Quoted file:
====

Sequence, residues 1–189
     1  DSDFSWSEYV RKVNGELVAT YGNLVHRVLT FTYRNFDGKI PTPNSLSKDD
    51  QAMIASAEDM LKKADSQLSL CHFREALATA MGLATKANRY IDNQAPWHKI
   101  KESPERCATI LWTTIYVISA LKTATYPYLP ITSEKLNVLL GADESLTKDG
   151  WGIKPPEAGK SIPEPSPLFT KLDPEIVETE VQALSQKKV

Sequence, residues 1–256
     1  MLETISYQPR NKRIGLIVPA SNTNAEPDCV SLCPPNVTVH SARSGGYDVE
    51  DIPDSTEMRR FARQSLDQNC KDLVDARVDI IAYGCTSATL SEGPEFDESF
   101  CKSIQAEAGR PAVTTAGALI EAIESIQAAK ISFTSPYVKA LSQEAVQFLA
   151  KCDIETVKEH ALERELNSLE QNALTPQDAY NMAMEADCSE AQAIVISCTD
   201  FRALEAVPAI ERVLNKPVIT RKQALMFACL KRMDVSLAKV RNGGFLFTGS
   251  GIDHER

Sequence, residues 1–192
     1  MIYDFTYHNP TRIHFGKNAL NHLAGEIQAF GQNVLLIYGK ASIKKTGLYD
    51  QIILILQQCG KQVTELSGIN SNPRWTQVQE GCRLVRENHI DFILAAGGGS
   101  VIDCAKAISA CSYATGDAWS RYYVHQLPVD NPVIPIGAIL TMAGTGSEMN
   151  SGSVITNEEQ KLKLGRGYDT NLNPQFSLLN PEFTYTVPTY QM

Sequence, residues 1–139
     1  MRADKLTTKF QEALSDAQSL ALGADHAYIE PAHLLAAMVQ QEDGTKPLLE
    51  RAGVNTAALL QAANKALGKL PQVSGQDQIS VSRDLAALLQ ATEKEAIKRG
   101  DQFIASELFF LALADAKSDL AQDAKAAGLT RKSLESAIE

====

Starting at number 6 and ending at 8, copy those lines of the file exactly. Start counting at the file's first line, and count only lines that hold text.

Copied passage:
Sequence, residues 1–256
     1  MLETISYQPR NKRIGLIVPA SNTNAEPDCV SLCPPNVTVH SARSGGYDVE
    51  DIPDSTEMRR FARQSLDQNC KDLVDARVDI IAYGCTSATL SEGPEFDESF